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The most potent illustration of the tension between stasis and change that always marked “Mad Men” comes as McCann’s Jim Hobart (H. Richard Greene)—who first attempted to poach Don all the way back in season one’s “Shoot”—interrupts the pitch for Sterling Cooper West. Mirroring the most hopeful image in “The Phantom,” of five standing figures peering out on Manhattan from what will become the agency’s second floor, the camera captures the five remaining partners seated at a long table with their backs to the window, the meaning of the composition reversed. Despite Don’s later protestation that “this is the beginning of something,” drowned out by the nervous chatter of the staff, the repurposing of that iconic frame from “The Phantom” suggests that the circle is closing once more.

“Time & Life” remains, for me, this season’s hinge point, the moment at which I began to see “Waterloo” as the series finale, and the last seven episodes as a kind of epilogue—a fitting approach to concluding a series which resisted self-contained narratives in favor of the open-ended and the unfinished. The beauty of “Mad Men” has always been inextricable from the idea that television by its very nature provides an ideal space for consistent engagement with the quotidian details of time and life, the inherent drama of waking up each morning and putting one foot in front of the other. Even as the characters, like the country, evolved before our eyes, their personal histories retained a tenacious hold on their next steps, an honest admission, as this season’s “Lost Horizon” had it, that the future is forever out of reach.

Thus the series finale, “Person to Person,” features both an optimistic montage of the characters entering a new era in their lives—Roger (John Slattery) married to Marie Calvet (Julia Ormond), Stan and Peggy in love, Joan (Christina Hendricks) pursuing a new career, Sally (Kiernan Shipka) caring for Betty (January Jones) in her last days—and a powerful suggestion that there’s no escaping the past, only making amends with it. “Move forward,” Don, still desperate to slough off his former selves, tells Stephanie (Caity Lotz) at one point. “Oh, Dick,” she replies, “I don’t think you’re right about that.”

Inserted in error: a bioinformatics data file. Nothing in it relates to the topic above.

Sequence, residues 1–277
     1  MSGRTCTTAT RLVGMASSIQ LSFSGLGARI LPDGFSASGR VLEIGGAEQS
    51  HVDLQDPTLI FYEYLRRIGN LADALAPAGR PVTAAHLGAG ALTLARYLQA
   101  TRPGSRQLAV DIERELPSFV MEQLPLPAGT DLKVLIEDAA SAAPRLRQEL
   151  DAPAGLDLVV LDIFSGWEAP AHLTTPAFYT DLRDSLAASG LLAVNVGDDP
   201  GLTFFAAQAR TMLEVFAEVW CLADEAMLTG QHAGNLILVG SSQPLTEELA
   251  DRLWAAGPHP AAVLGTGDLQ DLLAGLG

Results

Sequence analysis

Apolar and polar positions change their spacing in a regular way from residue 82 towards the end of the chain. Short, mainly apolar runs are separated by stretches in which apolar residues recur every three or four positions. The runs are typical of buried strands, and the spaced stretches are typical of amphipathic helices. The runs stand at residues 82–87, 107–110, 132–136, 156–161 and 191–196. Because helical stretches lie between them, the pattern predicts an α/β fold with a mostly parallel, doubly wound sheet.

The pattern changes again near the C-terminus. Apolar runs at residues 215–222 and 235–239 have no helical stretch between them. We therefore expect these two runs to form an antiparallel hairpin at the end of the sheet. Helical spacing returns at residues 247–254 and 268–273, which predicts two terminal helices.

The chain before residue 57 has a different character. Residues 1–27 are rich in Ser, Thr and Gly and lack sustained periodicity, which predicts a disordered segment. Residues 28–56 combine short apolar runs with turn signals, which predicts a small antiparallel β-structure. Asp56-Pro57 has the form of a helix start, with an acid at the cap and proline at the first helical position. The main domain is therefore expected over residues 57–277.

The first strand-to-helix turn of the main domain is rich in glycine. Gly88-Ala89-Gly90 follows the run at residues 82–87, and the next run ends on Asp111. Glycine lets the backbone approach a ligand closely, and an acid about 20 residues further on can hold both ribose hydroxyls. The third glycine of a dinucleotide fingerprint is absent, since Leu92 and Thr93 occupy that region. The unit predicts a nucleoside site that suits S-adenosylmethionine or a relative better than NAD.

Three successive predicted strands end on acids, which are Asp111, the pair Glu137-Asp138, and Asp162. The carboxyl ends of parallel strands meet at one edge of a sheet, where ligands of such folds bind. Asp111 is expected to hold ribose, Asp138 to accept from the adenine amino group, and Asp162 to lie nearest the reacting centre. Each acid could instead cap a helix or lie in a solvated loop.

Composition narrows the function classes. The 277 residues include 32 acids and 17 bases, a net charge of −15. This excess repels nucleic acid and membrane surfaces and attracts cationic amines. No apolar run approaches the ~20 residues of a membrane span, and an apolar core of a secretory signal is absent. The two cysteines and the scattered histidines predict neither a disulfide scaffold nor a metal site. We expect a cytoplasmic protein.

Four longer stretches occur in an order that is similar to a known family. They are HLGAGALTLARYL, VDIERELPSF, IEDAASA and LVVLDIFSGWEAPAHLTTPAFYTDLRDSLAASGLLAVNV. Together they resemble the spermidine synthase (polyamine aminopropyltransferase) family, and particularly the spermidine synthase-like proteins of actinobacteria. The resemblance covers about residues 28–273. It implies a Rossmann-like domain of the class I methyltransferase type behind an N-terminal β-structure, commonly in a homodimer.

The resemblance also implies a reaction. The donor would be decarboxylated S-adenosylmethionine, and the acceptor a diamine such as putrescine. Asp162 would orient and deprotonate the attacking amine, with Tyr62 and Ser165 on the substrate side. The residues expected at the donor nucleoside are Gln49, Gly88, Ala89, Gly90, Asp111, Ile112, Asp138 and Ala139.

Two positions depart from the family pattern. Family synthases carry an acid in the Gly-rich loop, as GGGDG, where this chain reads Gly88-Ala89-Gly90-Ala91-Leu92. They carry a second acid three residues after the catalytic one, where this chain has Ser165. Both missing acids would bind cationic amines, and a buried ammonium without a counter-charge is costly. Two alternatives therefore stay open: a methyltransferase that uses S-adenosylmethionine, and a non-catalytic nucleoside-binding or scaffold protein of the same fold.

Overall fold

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“Mad Men” remade television, in part, by returning again and again to this notion that happiness is not a state of being but a moment in time, flooding in and then receding as surely as the waves in the background as we bid farewell to Don. “Advertising is about one thing: happiness,” he says in the series premiere, “Smoke Gets in Your Eyes,” but the structure of “Mad Men,” folding in on itself even as it opened new avenues for the characters, made clear that it’s the impermanence of happiness that makes advertising effective. There’s always another product, another pitch, another flaw to fix or challenge to surmount; the “perfect harmony” of Don’s yogic calm, of the Coca-Cola ad that plays out the series, is necessarily temporary. Don’s blissed-out vision of human connection, like Peggy’s more nostalgic one, is not, or not only, a form of profit-taking, but also, perhaps, a metaphor for the halting, striving, strangely hopeful pursuits of happiness that keep us moving forward despite the knowledge that the horizon we’re chasing will never be caught.